To maximize the sound quality, the frequency response and bass extension were measured and refined on a daily basis. While we at Valve were working to improve bass extension through DSP using EQ tuning and algorithms like psychoacoustic bass, Tectonic was working to improve the bass mechanically by optimizing the speaker driver itself. The combination of these efforts allowed us to achieve and exceed our sound quality and bass response goals.
By using BMR drivers, we are able to ensure consistent sound quality, without coloration, even if the speakers are slightly mispositioned on the side of the head. This is due to the unique way that BMRs radiate sound. At low frequencies they behave like traditional speakers. The electrical signal comes in, and the entire diaphragm (front part of the speaker) moves back and forth tracing the shape of the signal. However, the real magic happens at higher frequencies. When the wavelength of the bending waves travelling through the diaphragm is similar to the size of the diaphragm, traditional drivers start to go into 'break-up' modes which cause the diaphragm to bend and ripple, creating very sharp peaks and dips in the frequency response that, in addition to sounding bad, are very placement sensitive. BMRs are designed to exploit the natural behavior of the diaphragm, balancing the vibrations from different areas through optimized material selection, mass loading and extensive design simulation. Basically, ensuring that your ears always receive the full sound information - even if they are not perfectly aligned with the BMR speakers.
Additionally, Tectonic was also able to mechanically minimize sound leakage. Because the Valve Index speaker drive unit is open backed, the pressure from the front side can interact with the pressure from the rear side, and these are out of phase with each other by definition. However, the drive unit itself provides a degree of “self-baffling” via its total diameter. Essentially, for any speaker drive unit, its outer diameter helps to prevent the pressure from the front side meeting the pressure from the rear side. Though this only helps when the wavelength of the sound waves in the air is smaller than the self-baffle of the driver’s diameter. When the wavelength becomes larger than the driver’s diameter, the pressure from the front side will directly interact with the pressure from the rear side, and strong cancellation happens. The overall diameter of the drive unit is about 5cm. This means that above about 3kHz there is no cancellation but, as we know, there is increasingly less audio content above this frequency. Most audio content exists below 3kHz, and this is where the cancellation is strong, preventing sound from bothering people nearby. “The listener wearing the headset has their ears so close to the drive unit (near-field) that the cancellation is not perceived as the pressure from the front side is RELATIVELY so much closer to the ear than the rear side.” Tim Whitwell, CTO Tectonic.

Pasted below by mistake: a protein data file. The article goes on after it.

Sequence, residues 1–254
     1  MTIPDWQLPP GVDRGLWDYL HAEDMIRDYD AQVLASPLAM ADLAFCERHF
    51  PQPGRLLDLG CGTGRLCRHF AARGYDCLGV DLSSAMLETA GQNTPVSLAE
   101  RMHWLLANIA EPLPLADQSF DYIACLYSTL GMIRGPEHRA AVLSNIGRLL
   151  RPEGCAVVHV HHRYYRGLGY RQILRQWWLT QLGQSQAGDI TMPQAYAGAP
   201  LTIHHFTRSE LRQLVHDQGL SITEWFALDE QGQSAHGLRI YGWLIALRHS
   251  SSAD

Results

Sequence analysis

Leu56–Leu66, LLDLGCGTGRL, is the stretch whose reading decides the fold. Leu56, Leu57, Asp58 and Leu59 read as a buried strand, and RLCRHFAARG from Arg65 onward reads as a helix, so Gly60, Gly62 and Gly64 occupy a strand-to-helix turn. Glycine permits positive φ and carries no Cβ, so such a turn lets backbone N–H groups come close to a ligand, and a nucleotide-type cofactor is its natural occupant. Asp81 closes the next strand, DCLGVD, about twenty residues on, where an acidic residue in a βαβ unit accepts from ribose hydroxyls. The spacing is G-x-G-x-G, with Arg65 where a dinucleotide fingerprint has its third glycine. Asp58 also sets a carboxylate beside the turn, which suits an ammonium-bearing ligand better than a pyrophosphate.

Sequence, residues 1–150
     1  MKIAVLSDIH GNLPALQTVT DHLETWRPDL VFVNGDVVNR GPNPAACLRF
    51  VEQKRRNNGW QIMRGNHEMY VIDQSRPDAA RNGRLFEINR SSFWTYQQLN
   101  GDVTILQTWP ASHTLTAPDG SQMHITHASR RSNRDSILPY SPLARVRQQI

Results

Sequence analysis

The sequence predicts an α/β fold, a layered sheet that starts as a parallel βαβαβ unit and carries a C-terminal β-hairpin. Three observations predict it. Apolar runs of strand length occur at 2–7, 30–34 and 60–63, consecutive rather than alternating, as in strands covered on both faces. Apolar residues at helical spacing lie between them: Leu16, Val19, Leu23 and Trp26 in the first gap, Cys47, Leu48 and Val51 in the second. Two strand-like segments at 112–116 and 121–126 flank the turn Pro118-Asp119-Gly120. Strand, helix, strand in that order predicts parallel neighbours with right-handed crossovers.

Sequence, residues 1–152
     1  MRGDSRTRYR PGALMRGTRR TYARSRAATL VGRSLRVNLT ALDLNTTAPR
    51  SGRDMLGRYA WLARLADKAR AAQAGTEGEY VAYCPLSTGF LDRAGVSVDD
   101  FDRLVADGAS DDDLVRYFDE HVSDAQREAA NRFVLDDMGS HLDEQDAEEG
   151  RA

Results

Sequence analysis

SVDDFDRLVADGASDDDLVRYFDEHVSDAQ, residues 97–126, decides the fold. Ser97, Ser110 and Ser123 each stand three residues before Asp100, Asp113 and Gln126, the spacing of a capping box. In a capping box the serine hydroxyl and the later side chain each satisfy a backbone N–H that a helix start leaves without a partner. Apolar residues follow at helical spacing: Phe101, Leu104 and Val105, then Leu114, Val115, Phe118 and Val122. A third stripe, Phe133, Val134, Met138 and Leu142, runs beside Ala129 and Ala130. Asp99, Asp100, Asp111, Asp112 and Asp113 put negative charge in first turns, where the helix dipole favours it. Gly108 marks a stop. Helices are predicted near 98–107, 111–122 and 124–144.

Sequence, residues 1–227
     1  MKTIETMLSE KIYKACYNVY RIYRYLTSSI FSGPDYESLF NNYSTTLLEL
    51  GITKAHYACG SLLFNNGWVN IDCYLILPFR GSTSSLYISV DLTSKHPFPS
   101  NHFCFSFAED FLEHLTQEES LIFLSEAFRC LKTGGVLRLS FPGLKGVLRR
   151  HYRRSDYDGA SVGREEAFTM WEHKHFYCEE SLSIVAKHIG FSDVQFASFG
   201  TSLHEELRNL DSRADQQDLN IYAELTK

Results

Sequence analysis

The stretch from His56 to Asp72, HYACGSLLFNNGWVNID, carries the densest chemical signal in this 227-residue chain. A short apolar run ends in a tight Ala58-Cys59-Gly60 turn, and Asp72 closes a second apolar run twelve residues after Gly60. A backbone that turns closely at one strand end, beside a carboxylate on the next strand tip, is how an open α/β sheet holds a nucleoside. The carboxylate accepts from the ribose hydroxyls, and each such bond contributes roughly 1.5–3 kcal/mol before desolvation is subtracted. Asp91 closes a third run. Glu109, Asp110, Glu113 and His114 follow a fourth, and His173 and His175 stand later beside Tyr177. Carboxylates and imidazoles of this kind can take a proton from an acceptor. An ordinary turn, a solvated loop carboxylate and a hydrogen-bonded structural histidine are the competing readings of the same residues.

Our goal to have high quality microphones on the headset to support streamers and multiplayer experiences was easy to define. However, due to the off-ear speaker design, we expected the microphone performance to be a difficult challenge. To our surprise, this turned out to not be the case. Due to several of the ear speaker’s unique features, we were able to avoid using a significant amount of noise cancelling DSP on the microphone signal, which in turn allowed us to keep the sampling rate of the microphone stream very high at 48kHz. This is a list of features that helped build high quality microphone input:
- Dual microphone array to narrow directional response and focus on the signal (user’s mouth) and eliminate other extraneous noise. The dual-directional microphone array focuses the pickup on the user’s mouth and excludes any external sound.
- The “self-baffling” of the BMR drivers reduces external noise pollution much more than traditional speakers.
- Speaker and microphone acoustics were designed to greatly reduce any non-linear acoustic feedback paths. The player’s own head absorbs much of the initial sound energy from the BMR speakers.
- High SNR microphones and audio paths.
- Good quality microphones and acoustic seals.
- Dynamic compression of incoming audio to avoid clipping loud voices.
All this research, iteration and feedback leads us to believe that the Valve Index ear speaker design is as close to an optimal balance of tradeoffs and features specifically designed for audio playback in room-scale VR as currently possible. We’re really pleased with how the audio experience played out and, that said, there is still much more to learn and more improvements we can make.